no chance of rain

 

You know that rare, unexpected moment when you look around you and notice that there are no major crises swallowing up your attention? You know the kind of event that seemingly hijacks your life and derails even your daily plans?  None.

In that rare moment, even if you’re experiencing some confusion, minor loss, life dis-order or chronic busyness, the things you’re facing apparently do not qualify for the master list of significant life stressors so should be more or less manageable according to the creators of the master list.

Quite recently, I realized that over a few weeks surrounded by the unremarkable stress of being a living, breathing conscious person, I became increasingly agitated.   And as my general uber-vigilant disposition was not picking up any external signs of an intense struggle to engage or an insurmountable obstacle to overcome, it seemed that I needed to create some concrete struggle internally.

Suddenly my own arbitrary deadlines rose to commandment status with the added pressure of “someone will be waiting on me for this”.  In my own gospel, Never Leave Anyone Waiting is the second commandment after Do Everything Correctly and followed by Everything Matters. My inclination to set regular goals and write lists became a firm attachment to perfectly imagined outcomes followed by an out-of-balance disappointment when they were not realized. My growing acceptance of “this is the way life is” was recklessly abandoned on the meditation cushion with my settled breathing and mind. Slow, mindful movements were replaced with jittery legs and fidgety fingers. Sleep was rest-less and stillness disappeared.

Remember, there was no genuine crisis. Bounty was all around me.  Relationships, life’s work, passions and creative outlets were all within much more-than-rich and satisfying range. Life, as they say, was and is good.

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On a clear, breezy day with no clouds or chances of rain, am I addicted to the chaos of panic and pressure? Do I need to create drama where there is none in order to feel engaged, relevant and meaningful? Does dis-ease become my default position especially when things are going well?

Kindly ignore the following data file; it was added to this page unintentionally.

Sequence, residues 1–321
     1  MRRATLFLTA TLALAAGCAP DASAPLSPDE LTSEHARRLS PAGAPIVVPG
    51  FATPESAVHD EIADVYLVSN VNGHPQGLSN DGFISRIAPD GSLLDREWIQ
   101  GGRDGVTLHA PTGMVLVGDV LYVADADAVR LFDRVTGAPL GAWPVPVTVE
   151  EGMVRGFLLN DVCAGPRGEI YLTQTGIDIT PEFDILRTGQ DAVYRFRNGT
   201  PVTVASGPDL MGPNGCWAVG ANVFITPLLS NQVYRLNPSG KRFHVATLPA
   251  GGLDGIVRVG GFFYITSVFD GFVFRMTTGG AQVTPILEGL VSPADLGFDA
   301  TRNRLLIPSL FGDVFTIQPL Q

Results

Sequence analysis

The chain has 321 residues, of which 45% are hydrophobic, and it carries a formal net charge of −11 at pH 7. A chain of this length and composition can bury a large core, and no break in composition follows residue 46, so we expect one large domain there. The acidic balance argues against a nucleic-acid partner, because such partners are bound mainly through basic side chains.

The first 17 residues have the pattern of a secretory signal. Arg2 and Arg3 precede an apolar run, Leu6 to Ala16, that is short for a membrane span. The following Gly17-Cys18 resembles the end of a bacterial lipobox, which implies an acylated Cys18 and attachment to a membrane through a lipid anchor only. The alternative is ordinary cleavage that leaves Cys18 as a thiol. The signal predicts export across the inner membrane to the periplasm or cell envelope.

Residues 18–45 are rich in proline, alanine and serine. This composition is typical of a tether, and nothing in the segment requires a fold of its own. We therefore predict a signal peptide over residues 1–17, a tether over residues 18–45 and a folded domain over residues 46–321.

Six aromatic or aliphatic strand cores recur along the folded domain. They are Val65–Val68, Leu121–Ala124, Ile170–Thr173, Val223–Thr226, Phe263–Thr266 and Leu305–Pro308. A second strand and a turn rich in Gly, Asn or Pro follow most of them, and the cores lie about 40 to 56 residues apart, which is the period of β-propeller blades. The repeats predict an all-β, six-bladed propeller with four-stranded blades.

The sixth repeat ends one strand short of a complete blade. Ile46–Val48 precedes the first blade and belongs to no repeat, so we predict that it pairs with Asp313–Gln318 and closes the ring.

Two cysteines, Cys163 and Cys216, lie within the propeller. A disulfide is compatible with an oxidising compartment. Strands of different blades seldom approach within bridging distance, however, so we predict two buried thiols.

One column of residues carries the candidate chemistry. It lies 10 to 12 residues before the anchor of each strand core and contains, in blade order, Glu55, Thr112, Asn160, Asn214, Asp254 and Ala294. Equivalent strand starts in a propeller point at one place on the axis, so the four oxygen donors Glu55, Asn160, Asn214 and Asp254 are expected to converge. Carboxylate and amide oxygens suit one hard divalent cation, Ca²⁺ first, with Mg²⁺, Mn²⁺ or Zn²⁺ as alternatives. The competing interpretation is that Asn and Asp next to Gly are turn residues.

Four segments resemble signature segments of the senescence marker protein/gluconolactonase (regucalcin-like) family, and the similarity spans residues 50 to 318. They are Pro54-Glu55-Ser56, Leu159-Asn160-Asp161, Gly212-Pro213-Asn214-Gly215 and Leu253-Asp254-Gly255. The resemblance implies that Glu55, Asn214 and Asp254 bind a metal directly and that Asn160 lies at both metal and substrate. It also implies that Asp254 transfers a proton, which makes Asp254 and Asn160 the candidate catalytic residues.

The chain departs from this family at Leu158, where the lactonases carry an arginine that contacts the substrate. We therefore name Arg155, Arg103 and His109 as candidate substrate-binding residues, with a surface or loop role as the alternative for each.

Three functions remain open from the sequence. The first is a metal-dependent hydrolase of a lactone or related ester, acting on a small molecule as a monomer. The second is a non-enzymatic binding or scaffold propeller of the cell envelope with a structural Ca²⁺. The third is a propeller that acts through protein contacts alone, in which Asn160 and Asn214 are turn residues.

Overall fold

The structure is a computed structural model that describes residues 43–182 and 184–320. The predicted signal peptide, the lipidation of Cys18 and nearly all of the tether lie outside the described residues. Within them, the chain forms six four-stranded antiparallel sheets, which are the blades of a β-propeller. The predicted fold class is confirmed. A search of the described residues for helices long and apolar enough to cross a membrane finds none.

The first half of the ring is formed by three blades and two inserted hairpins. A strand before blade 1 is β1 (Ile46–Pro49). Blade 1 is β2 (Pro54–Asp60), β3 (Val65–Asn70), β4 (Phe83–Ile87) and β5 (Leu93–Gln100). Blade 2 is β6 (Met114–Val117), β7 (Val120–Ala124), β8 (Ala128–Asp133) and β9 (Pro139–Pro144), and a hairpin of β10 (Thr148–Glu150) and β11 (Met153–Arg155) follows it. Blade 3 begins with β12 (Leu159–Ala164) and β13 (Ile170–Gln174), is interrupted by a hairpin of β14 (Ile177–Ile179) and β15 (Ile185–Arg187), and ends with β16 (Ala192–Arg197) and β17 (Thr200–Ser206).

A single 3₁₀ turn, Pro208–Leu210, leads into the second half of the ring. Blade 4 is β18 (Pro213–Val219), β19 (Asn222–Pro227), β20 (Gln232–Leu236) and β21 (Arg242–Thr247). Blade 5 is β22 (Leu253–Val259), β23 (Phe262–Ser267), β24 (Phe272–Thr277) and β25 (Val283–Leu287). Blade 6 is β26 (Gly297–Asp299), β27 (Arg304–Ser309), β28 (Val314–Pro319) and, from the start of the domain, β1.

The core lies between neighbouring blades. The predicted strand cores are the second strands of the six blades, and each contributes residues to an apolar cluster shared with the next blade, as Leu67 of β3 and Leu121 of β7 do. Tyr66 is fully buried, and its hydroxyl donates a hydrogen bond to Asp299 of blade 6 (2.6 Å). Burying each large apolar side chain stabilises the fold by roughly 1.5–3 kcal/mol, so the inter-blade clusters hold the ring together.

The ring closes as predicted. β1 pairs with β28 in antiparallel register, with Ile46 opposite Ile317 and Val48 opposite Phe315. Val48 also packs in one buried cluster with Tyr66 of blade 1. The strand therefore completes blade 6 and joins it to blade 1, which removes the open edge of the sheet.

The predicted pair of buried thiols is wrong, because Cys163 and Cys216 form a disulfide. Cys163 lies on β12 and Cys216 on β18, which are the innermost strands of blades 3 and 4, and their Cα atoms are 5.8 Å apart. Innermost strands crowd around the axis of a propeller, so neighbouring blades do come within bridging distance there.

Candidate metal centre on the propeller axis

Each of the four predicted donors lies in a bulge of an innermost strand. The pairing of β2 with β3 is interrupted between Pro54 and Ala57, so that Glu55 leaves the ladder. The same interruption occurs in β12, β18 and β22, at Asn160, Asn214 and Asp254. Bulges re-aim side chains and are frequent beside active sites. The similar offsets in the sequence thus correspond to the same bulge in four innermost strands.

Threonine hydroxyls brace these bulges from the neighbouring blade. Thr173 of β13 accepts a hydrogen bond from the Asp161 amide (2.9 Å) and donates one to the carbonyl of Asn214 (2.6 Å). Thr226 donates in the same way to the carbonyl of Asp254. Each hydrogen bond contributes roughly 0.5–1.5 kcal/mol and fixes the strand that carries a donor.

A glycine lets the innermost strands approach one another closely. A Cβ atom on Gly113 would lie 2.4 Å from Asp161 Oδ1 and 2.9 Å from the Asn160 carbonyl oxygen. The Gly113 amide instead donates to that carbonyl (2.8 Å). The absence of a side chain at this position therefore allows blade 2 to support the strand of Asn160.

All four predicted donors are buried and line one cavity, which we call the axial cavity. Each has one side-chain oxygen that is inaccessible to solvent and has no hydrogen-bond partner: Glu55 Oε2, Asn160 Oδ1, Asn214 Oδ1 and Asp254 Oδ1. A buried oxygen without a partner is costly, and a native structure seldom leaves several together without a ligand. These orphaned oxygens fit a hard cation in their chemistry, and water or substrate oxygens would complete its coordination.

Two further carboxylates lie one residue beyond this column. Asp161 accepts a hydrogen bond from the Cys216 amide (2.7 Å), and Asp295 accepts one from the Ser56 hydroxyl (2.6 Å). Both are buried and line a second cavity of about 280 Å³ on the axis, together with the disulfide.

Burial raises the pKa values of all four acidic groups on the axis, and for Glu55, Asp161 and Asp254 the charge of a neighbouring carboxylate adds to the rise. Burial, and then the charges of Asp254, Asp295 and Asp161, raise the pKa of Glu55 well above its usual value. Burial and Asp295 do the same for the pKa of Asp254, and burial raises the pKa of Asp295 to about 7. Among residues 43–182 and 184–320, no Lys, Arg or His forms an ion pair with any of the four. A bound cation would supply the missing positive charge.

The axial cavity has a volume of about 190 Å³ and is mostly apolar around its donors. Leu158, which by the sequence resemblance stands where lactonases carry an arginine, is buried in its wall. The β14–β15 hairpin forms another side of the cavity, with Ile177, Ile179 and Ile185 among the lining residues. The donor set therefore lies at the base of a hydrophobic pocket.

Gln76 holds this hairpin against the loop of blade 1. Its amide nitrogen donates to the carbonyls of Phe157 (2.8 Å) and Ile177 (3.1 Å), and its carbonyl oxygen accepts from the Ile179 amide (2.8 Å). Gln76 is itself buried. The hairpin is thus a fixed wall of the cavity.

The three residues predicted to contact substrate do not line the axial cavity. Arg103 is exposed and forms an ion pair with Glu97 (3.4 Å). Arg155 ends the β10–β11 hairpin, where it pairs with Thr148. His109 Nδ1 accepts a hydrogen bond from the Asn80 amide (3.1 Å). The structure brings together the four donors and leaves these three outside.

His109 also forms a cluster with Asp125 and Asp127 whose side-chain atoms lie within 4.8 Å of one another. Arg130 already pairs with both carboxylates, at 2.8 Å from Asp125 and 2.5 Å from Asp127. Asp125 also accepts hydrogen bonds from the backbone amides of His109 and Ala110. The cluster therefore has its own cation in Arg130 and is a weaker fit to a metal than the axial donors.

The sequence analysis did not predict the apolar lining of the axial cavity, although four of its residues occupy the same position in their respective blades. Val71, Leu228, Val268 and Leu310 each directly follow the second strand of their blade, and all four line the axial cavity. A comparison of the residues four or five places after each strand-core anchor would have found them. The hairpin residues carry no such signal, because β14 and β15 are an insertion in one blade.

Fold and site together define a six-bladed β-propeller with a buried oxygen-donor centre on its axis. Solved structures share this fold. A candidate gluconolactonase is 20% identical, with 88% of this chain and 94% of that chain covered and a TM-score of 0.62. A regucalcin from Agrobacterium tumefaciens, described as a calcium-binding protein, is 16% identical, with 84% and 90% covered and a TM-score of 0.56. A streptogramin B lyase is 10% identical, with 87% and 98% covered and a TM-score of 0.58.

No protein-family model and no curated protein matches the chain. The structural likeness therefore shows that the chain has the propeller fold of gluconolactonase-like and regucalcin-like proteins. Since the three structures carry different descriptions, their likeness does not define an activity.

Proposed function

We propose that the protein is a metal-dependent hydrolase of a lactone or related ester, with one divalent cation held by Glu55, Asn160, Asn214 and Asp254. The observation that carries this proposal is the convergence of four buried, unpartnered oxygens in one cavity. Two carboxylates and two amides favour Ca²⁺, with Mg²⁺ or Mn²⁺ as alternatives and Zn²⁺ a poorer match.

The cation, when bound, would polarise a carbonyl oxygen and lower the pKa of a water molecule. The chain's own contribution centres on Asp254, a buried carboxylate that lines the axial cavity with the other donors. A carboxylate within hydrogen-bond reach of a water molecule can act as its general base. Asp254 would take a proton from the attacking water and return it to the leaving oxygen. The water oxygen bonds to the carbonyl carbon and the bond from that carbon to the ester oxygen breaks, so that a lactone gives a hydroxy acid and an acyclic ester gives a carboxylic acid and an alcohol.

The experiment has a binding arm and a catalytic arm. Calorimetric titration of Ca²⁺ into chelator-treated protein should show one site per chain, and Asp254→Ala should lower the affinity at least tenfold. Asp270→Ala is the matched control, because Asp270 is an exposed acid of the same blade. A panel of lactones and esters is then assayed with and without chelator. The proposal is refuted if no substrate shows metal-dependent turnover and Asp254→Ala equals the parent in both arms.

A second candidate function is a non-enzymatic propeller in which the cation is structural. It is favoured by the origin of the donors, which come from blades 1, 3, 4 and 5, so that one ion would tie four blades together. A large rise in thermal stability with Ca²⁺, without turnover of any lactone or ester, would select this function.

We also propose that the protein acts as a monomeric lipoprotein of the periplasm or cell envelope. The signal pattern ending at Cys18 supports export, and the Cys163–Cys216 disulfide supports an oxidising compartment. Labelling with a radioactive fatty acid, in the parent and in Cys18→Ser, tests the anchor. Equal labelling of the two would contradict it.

I don’t know.  Now comes the sitting and listening with a curiosity for what comes up and with no predetermined outcome.  If panic asks to take over, I’ll re-read “the “3 steps to pacify the panic” blog I wrote a few years ago and get un-stuck (again!) from this familiar place.

May your summer be full of self-accepting moments where you never give up on the places where you get repeatedly stuck!

 

 

 

 

the right tool for the job

 

I have a quirky trait of stubbornly “making do” when faced with a task requiring a specific tool. My resistance rises with even the thought of purchasing a tool when I think that I may have an object that was made for a different purpose but will do in a pinch within arms reach. This approach has always seemed simpler, more practical and oh-so-much-more efficient than the alternative of the time-guzzling acts of browsing, shopping, listing pros and cons of which one is the best to buy, spending money on then cleaning, storing and organizing all the tools until the end of time! Doth she protest too much? Methinks so.

 

Beyond my issues with the traumas of shopping, and my still firm desire to just get the job done effectively and efficiently, I am growing in my appreciation for the wisdom of using the right tool for the job.

Despite our love affair with our minds and the wonders they perform, when it comes to emotions and moods, the mind and its incredible ability to problem-solve external situations is precisely the wrong tool for this type of internal work.

Emotions are not problems to be solved. They exist to be felt. Why then do we feel the need to enlist our minds into action, to swoop in heroically and solve our problem of unhappiness, disappointment, fear, anxiety, anger or depression? The answer is because we don’t like to feel uncomfortable and will numb ourselves to these signpost emotions that we’re off our path.

Instead of feeling the emotions, we question why life is hard for us but so easy for everyone else. We wonder why we can’t seem to just get over our hurt and resentment quickly. We speculate on what we did to deserve the pain. And we ruminate on the darkness of our lives thereby increasing the gap from where we are to where we think we want to be.

Trying to “solve” emotional issues through thinking is like digging the trench deeper. The deeper we dig the trench, the more accustomed we become living in a trench and it then becomes a future platform for the unproductive process of thinking through our feelings.

There is a way out of the self-built trench that may include professional intervention but could also be supported by:

  • Taking our minds off the pedestals
  • Remaining keenly aware of our mind’s desire to be in charge
  • Developing a practice of sitting with overwhelming emotions
  • Noticing when our mind tries to hijack the process

Our minds have their place but our vulnerable yet resilient inner workings deserve the use of the right tool for the job.

Thoughts?